The High Commissioner of Pakistan to Tanzania and the EAC, Amb. Muhammad Saleem, paid a courtesy call on EAC Secretary General Dr. Peter Mathuki at the EAC Headquarters in Arusha.
The High Commissioner further presented a Letter of Felicitation from Pakistan’s Foreign Minister to the Secretary General.
Receiving the Pakistani High Commissioner, Dr. Mathuki said that the Community was keen on moving to the next level by strengthening trade and cooperation with other nations and regional economic communities.
Dr. Mathuki informed the Pakistani envoy that the expansion of the bloc was in progress with steps to process the Democratic Republic of Congo for admission now at an advanced stage.
The Secretary General said that the Community was seeking strategic partners for trade and investment as it expands the regional market.
“Pakistan has been proactive in providing solutions to the global market at lower prices in areas such as farm machinery, textiles and apparel, among other sectors. Pakistan, therefore, has lots of capacities that EAC can benefit from,” said Dr. Mathuki, adding that the integration process in East Africa was being led by the private sector which drives markets.
"We need more collaboration with Pakistan in terms of technology transfer to spur value chains in East Africa.”
Dr. Mathuki informed the High Commissioner that the EAC partner states were working on a more coordinated approach to combat Covid-19.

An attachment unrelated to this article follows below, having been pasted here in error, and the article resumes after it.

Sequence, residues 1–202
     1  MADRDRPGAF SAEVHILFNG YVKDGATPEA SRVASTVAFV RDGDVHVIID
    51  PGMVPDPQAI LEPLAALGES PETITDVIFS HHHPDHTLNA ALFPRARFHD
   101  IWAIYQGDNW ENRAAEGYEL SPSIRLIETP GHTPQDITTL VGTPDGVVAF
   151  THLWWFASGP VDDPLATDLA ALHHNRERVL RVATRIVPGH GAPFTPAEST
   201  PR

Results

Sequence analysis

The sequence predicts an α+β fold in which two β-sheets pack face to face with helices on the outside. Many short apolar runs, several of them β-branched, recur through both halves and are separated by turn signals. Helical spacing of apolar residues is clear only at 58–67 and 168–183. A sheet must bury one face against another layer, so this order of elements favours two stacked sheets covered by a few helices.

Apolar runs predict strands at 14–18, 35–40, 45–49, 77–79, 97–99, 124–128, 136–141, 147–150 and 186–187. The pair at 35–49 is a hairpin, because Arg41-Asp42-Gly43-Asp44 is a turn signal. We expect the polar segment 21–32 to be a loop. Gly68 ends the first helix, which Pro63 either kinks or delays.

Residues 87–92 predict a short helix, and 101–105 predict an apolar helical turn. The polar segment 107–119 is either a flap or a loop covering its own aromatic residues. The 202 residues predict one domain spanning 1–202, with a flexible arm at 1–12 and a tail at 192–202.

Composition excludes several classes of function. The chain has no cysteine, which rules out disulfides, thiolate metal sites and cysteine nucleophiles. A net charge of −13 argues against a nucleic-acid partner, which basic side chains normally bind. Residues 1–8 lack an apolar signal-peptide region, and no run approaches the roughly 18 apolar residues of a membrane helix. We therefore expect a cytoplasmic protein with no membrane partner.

On his part, Amb. Saleem said that Pakistan was ready to support EAC’s industrialisation plans in diverse sectors but especially in areas where his country had built capacity using Western technology for several decades, namely: sugar processing, textile manufacture, cement and fertiliser manufacturing, and pharmaceuticals, among other sectors.
“We are ready to provide capacity building in the ICT sector, automotive, pharmaceuticals, biometrics, medical and engineering sciences, fertiliser production, sugar processing, and food processing. We usually build high-tech industrial plants at a much lower cost,” said Amb. Saleem, adding that Pakistan produces world-famous brands at a much cheaper cost.
He added that other areas in which Pakistan could work with East Africa were science and technology, higher education, innovation, health, trade and investment.
The Pakistani envoy called for the establishment of direct flights by Partner States’ airlines to Islamabad, adding that this was one way of increasing trade between Pakistan and East Africa.
He disclosed that one of the immediate openings for East African entrepreneurs in the huge Pakistani market of 220 million people was edible oil seeds whereby the country spends US$1 billion in importing oil seeds such as pulses, lentils and coconuts from markets that are much further away than East Africa.
Amb. Saleem urged the Secretary General to expedite a proposed visit to Pakistan by a delegation of businesspeople from East Africa, a trip that has been pending for a while due to the Covid-19 pandemic.
In response, Dr. Mathuki promised to facilitate the visit as soon as is feasible noting that it would be a game changer in as far as trade between Pakistan and EAC was concerned.